The resilience of the state’s housing market is one of the biggest surprises of the past year. Despite a pandemic-induced recession that left millions of Californians out of work, median home values increased 11% over the past year to an all-time high of $635,055 in February 2021. This stands in stark contrast to the Great Recession, when values fell 24% after one year and continued to decline.
While soaring prices are good news for current homeowners, would-be buyers could be locked out. Market trends may also widen existing disparities in homeownership for low-income, Latino, and African American households—groups disproportionately affected by COVID-19’s economic fallout.
What is behind this housing boom? One critical factor is years of undersupply in the housing market as new construction fell short of demand. California’s homeowner vacancy rates—already among the lowest in the nation—dropped by one-fourth during the pandemic to 0.6% in the last quarter of 2020. But supply is only part of the story: prices rose more in the past year than in recent years.
Strong demand for housing, particularly among affluent Californians, is also driving up prices. High-income workers are more likely to work in sectors where remote work is possible and therefore where pandemic-induced job losses were less prevalent. And during the pandemic, these workers generally spent less on day-to-day expenses, leaving them with more money for housing. Robust growth in the stock market also allowed those holding stock to accumulate more wealth.
With record-low mortgage rates, the cost of borrowing fell—further putting upward pressure on prices. These low rates along with increased home equity allowed some current homeowners to buy more expensive or additional homes. Demand for existing homes is strong across the state: the typical house is on the market for around 8 days in Sacramento, 13 in Los Angeles, 14 in San Francisco, and 19 in San Jose according to December data from Zillow.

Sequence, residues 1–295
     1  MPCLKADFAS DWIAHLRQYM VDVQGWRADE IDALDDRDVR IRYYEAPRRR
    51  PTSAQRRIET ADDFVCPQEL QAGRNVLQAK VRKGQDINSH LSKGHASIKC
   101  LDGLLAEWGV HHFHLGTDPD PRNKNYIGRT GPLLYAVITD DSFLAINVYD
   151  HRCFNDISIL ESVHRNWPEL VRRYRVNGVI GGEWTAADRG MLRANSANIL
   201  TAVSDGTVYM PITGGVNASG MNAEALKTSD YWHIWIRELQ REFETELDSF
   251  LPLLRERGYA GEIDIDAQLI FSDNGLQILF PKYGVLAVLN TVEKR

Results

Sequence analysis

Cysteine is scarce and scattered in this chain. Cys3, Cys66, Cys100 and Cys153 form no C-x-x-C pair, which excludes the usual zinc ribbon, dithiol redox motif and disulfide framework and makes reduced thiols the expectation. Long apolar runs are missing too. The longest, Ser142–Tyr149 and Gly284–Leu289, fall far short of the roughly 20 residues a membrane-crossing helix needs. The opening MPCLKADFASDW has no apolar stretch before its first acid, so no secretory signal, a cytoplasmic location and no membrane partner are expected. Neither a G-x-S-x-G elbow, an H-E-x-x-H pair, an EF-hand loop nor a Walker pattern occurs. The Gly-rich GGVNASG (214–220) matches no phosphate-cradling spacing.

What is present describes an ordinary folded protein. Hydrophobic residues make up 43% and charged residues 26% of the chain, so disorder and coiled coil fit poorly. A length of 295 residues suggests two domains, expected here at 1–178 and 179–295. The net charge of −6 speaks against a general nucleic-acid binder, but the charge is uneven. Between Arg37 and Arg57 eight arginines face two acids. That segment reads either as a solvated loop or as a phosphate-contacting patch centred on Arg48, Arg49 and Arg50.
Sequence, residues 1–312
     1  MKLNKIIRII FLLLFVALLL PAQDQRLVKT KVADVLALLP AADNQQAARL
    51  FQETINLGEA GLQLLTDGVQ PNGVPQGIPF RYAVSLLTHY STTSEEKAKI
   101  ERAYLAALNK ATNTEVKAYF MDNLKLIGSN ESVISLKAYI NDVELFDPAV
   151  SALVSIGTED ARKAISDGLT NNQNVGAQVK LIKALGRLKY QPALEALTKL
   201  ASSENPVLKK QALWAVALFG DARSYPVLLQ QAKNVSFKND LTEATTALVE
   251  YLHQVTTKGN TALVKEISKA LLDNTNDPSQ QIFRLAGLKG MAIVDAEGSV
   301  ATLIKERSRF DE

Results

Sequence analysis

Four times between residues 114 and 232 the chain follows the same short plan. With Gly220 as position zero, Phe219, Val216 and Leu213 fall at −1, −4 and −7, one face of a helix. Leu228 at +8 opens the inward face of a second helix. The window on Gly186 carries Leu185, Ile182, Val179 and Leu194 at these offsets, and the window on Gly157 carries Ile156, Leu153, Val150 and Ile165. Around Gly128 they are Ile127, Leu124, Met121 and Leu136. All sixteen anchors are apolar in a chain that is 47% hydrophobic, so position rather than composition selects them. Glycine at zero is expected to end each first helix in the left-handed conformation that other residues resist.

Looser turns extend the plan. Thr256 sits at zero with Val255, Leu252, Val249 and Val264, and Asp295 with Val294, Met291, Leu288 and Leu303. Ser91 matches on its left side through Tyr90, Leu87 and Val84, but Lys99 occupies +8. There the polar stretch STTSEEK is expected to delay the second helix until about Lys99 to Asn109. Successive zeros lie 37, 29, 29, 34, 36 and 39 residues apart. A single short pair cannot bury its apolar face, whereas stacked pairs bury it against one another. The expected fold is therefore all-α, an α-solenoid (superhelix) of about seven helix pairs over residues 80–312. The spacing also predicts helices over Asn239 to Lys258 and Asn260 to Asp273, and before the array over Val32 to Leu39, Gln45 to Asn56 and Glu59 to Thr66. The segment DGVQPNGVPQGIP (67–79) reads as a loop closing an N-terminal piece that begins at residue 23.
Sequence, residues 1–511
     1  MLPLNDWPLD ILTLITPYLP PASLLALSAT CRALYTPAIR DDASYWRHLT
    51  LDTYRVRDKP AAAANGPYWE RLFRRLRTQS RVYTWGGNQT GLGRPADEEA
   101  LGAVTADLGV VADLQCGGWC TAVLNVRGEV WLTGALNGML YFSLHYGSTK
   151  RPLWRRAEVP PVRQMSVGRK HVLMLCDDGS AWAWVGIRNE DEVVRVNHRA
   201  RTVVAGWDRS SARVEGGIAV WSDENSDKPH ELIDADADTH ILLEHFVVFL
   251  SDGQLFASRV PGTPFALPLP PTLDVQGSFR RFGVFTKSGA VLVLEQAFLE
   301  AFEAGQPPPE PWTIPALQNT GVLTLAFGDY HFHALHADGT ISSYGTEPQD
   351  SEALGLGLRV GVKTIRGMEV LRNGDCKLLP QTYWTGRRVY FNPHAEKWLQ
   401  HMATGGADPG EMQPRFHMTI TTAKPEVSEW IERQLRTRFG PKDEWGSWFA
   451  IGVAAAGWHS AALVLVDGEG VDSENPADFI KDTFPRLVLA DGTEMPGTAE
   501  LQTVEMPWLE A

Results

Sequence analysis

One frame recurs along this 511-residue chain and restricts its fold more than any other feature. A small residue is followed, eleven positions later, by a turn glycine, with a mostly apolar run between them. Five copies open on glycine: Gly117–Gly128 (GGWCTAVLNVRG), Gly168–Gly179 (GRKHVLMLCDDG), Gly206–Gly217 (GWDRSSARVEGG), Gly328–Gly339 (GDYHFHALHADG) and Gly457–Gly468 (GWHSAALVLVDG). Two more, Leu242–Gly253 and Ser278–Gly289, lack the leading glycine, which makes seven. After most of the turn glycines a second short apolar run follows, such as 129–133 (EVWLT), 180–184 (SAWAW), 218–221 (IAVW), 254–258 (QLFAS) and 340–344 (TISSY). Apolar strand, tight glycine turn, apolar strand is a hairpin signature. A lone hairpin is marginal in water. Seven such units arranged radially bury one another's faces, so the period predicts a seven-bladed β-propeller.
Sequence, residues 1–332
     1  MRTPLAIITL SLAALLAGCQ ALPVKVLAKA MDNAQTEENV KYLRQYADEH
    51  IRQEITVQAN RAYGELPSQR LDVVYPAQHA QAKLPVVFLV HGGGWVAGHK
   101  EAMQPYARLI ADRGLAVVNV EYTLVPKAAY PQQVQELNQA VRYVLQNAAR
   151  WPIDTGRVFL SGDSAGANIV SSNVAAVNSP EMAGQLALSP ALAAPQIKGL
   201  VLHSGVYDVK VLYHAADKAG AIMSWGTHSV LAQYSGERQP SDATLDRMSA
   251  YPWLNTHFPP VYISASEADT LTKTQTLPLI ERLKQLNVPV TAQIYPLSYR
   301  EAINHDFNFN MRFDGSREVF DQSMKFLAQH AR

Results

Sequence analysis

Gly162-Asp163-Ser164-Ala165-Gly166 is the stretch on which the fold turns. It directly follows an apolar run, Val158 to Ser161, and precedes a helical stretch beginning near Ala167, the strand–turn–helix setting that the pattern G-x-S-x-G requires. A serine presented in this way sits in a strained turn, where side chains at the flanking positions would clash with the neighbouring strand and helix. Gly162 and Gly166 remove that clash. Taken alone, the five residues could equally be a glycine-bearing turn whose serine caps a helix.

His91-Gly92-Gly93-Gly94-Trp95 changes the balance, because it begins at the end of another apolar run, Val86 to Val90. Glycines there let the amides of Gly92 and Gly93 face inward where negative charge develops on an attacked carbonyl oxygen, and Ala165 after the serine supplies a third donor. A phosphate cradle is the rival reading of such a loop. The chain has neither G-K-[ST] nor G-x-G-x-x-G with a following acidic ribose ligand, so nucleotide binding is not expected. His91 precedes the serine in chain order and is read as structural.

Moreover, growth during the pandemic was greater than the average annual growth over the past three years in most California metros. For example, home values in San Diego grew 14.2% over the past year—nearly triple the prior three years (4.9%). Among the largest metros, only San Francisco was below the pre-pandemic average for annual growth (5.4% vs. 5.9%). The five largest inland metros saw especially sharp increases, with each growing at least 12% in the past year.
Rising home values constitute a win for homeowners whose home equity has jumped. Indeed, in the fourth quarter of 2020 the average California homeowner with a mortgage (42% of all housing units) gained $55,000 in equity during the past year.
But this means entry-level buyers are struggling to find affordable options. Despite lower mortgage rates, housing affordability—already a major problem pre-pandemic—has declined because rising home prices more than offset the drop in mortgage rates.
Even in areas where housing had been less expensive in the past, prices are rising beyond the reach of many Californians. In Bakersfield, 57% of homes sold in late 2019 were considered affordable compared to 42% one year later. Around Sacramento, 42% of homes sold in 2019 were affordable versus 32% in 2020. As the state moves into recovery, the affordable housing crisis will be a key area where policymakers can target the concerns of everyday Californians.